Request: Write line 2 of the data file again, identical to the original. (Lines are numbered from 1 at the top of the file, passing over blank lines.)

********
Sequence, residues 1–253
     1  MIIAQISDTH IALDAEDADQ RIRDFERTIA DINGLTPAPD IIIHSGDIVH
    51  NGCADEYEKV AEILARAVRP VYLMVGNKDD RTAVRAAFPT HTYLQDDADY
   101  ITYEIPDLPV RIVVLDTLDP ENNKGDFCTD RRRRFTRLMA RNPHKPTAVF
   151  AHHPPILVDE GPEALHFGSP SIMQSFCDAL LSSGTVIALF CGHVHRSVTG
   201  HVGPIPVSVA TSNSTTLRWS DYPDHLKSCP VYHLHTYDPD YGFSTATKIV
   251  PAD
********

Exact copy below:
     1  MIIAQISDTH IALDAEDADQ RIRDFERTIA DINGLTPAPD IIIHSGDIVH